# On the existence of closed form solutions to finite combinatorial problems

Is it possible that a finite combinatorial problem may admit a closed form solution, and for it to be impossible in practice to prove the validity of this solution? I'm not sure if a rigorous definition can be given to the notion of a finite combinatorial problem, but I mean problems of the following nature:

Given a set finite set $X$, which may or may not have additional structure, enumerate the number of elements in $X$ which satisfy some constraint defined in terms of the primitives of set theory and the additional structure of $X$.

Since we are speaking of closed form solutions, we are really interested in families of finite combinatorial problems, parametrized by $\mathbb{N}$, which scale in some natural way with increasing $n\in \mathbb{N}$. I'm not sure if the notion of a closed form solution can be given a rigorous definition, but I mean something along the lines of the following definition from Graham, Knuth, and Patashnik's Concrete Mathematics:

An expression for a quantity $f\left(n\right)$ is in closed form if we can compute it using at most a fixed number of "well known" standard operations, independent of $n$.

I understand that this question is vague and open ended, so I would be happy with answers or partial answers to any of the following subquestions.

1. Are there examples of finite combinatorial problems for which empirical evidence suggests there is a closed form solution, but for which significant effort has failed to produce any proofs of the validity of this solution?

2. Is it possible to give a rigorous axiomatization that captures the notion of of a finite combinatorial problem that working combinatorialists work with, and then bring to bear ideas along the lines of Godel's Theorems and Turing's work on the Halting Problem to produce an existence proof for such families of combinatorial problems? Can any rigorous formulation be given to the notion of a family of finite combinatorial problems scaling naturally with $n\in\mathbb{N}$?

3. Are there examples of finite combinatorial problems which display a kind of regularity for large $n$. That is, are there any known families of finite combinatorial problems that scale naturally with $n\in\mathbb{N}$, such that $f\left(n\right)$, the answer to the problem associated to $n$, behaves haphazardly for small $n$, but can then be given in terms of a closed form expression for sufficiently large $n$? Is there anything to suggest that difficult combinatorial problems that have been studied, but for which little is known, may display this kind of regularity?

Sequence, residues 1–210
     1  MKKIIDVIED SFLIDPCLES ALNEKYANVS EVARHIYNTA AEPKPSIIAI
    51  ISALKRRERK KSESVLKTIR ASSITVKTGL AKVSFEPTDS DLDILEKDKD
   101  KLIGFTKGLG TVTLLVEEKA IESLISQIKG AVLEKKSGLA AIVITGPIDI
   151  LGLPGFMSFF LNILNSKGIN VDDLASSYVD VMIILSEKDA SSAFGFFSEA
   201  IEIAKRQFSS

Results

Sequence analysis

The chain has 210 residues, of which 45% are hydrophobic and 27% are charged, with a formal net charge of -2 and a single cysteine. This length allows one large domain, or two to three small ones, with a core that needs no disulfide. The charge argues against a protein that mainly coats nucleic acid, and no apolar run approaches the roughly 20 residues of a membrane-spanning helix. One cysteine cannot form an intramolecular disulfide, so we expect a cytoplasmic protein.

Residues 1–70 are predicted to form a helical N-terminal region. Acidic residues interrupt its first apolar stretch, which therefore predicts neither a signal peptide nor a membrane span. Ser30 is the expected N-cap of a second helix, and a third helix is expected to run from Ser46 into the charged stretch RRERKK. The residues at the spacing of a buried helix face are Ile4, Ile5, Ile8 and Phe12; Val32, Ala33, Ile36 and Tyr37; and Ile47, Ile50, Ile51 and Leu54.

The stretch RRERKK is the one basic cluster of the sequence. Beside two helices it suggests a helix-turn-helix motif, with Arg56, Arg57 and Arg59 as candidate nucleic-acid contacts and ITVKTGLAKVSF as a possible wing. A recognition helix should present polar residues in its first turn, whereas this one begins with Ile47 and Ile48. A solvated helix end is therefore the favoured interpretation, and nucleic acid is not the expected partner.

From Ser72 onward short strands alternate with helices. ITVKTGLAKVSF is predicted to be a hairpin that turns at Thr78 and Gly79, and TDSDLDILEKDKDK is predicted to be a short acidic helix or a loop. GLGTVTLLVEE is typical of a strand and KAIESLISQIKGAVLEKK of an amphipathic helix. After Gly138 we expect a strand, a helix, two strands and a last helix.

4. Finally, are there any results in mathematical logic, set theory, or proof theory of which I am unaware, that render my question trivial or foolish?

I would appreciate any help with this question that can be given. As someone with a decent background in combinatorics, but no deep knowledge of logic or set theory, I don't know where to begin with this.

Edit:(In response to a comment of Qiaochu Yuan) $n$ need not be the size of $X$. I hope this example should clarify what I'm trying to get at. Consider the problem of enumerating the permutations of the elements of a finite set $X$ of cardinality $n$. This problem may be cast as the following problem.

Enumerate the elements of $X^n$, $\left(x_0,\ldots ,x_{n-1}\right)$, for which $x_i = x_j$ if and only if $i = j$. The problem has solution $n!$, which may or may not be considered closed, depending on what you mean by "well known" in Knuth's definition. The answer to this problem is dependent only on the size of $X$, not on any interpretation of what the elements might be. In a sense, the problems of this manner could be said to scale naturally with $n$. Part of my question is to provide a rigorous definition of what I mean by scale naturally.

• Is n here supposed to be the size of X? Aren't you disallowing any questions whose answer is a function f(n) which is larger than n? – Qiaochu Yuan Feb 25 '11 at 22:05
• @Qiaochu: I have added a response to your comment to the body of the post. – Albert Steppi Feb 25 '11 at 22:44